April 30, 2021 - 7:00am

Edwin Poots is the bookies’ favourite to be next leader of the Democratic Unionist Party, after Arlene Foster stepped down. Intriguingly, Poots is a young-Earth creationist: he is on record telling the BBC that the world is 6,000 years old. It makes me think of a man named Philip Henry Gosse.

In 1857, two years before the publication of Darwin’s On the Origin of Species, Gosse published a book of his own. Gosse was a science writer of some renown, and a naturalist in his own right; a critic of slavery; and, marvellously, the inventor of the fish tank. He was also a lay preacher, and a deeply committed Christian, a member of the Plymouth Brethren.

The mid-19th century was a difficult time to be a Biblical literalist. Charles Lyell had published his Principles of Geology a quarter-century before, showing evidence from the Earth’s rocks that the world was many millions of years old, and shaped by the still ongoing processes of weathering, glaciation, volcanism and so on. Cuvier had argued that fossils demonstrated that species of animals had arisen and gone extinct, and Buffon and Lamarck showed that species changed and evolved; that the world was not now as it was, that God’s creation was not unchanging and eternal.

Gosse could not accept this. He wrote a book of his own, Omphalos, which – again marvellously – means “bellybutton”. It argued that, if God created Adam and Eve as fully real humans, they would have bellybuttons – scars from their mothers’ umbilical cords, even though they had no mothers. 

And, by analogy, when God created the world, he would have had to create a world which was rich and complete: so a tree at the dawn of creation “would display the marks of sloughed bark and fallen leaves, though it had never borne those leaves or that bark”, as his son Edmund prĂ©cised it later. Similarly, it would have geological strata millions of years old, and fossils buried in those strata. God created the universe recently, but made it look as though it was hundreds of millions of years old.

Omphalos was not a success. Christians were appalled at the idea of God as a deceiver: the Reverend Charles Kingsley described the book as “the first that ever made me doubt”. Scientists just thought it was silly. Most of the copies were pulped.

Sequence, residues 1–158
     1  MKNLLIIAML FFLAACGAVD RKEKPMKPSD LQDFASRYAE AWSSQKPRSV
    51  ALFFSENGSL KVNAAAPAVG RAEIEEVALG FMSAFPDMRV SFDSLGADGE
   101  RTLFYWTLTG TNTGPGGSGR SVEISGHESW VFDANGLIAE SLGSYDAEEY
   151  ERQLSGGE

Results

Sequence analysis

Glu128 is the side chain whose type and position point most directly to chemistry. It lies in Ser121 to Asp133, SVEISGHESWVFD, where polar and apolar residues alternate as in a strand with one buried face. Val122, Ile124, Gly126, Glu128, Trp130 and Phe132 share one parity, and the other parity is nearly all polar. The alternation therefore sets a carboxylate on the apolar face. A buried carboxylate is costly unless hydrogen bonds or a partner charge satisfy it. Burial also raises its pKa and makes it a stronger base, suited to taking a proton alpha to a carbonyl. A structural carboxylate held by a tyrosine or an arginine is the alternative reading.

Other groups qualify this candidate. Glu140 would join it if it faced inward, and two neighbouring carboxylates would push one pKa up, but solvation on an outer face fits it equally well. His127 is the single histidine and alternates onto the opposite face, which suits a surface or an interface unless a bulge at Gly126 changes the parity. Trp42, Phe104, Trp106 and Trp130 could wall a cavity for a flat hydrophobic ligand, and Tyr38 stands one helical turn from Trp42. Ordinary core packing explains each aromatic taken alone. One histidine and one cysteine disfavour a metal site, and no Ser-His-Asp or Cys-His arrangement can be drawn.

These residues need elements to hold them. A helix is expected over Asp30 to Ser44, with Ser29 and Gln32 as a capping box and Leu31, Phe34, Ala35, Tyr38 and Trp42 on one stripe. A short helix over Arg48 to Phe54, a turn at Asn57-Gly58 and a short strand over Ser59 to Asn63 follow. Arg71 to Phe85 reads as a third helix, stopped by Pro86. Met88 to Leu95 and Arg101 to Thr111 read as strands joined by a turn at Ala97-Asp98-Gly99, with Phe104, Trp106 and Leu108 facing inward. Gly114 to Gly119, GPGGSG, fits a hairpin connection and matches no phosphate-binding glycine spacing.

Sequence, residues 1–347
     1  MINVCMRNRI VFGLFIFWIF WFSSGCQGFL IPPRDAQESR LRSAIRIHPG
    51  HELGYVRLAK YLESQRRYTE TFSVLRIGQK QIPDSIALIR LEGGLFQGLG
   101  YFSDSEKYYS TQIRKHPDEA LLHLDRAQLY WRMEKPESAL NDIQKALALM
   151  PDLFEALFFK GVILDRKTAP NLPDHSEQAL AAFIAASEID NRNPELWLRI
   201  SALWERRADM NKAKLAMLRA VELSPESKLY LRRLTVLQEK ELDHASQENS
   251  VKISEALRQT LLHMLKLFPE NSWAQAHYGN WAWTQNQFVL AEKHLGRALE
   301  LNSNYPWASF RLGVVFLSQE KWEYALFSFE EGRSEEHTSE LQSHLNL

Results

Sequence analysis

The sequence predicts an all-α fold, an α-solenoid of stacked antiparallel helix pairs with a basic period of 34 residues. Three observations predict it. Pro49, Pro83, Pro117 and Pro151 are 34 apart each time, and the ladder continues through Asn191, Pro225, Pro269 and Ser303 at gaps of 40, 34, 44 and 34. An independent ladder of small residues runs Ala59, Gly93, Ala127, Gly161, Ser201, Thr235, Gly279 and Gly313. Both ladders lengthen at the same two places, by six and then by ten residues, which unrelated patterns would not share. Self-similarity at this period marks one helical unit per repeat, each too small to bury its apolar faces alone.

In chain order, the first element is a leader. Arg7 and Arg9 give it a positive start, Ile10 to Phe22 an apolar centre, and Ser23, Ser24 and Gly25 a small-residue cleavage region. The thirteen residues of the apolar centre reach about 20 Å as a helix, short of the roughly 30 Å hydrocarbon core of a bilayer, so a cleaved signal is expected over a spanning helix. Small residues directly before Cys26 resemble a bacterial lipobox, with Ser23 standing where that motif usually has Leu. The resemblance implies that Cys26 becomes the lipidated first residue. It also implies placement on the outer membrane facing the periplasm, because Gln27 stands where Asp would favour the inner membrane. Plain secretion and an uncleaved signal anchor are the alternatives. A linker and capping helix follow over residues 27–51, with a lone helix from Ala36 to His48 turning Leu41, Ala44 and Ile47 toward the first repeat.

But the book is perfectly logically sound and consistent. If you want to accept the reality of scientific evidence — which Gosse, a scientific man, did — at the same time as believing in a recently created world, then to be coherent you need these contortions: God putting fossil foraminifera to make new-made rocks look old.

I don’t want to criticise someone for believing in false things — we all do that, and it’s not just the religious Right who do it with science. And you don’t necessarily need to have an accurate estimate of the age of the world to do good by your constituents.

But I find it fascinating. Does Poots, like Gosse, accept that fossils seem to be millions of years old, that there are zircons in the Jack Hills of western Australia that are 4.4 billion years old? Does he acknowledge that at night we are bathed in apparently ancient starlight from apparently ancient stars? Does he, like Gosse, then say “But God has created it to look old, because otherwise it would be incomplete”? Or does he ignore it, place it behind a psychological barrier: don’t look behind the curtain, don’t unlock those doors? 

Philip Henry Gosse has gone down in history as a sort of cautionary tale. He was slandered by his own son in a biography after his death; the “Omphalos hypothesis” has become a joke. In my own philosophy degree, it was taught as a textbook example of an unfalsifiable proposition.

But he actually bit the bullet; he accepted the facts and held onto his beliefs anyway in the only coherent way possible, contorted though it was. It’s noble, in a way. Most of us just hide from the facts that counter our deepest beliefs.

Tom Chivers is a science writer. His second book, How to Read Numbers, is out now.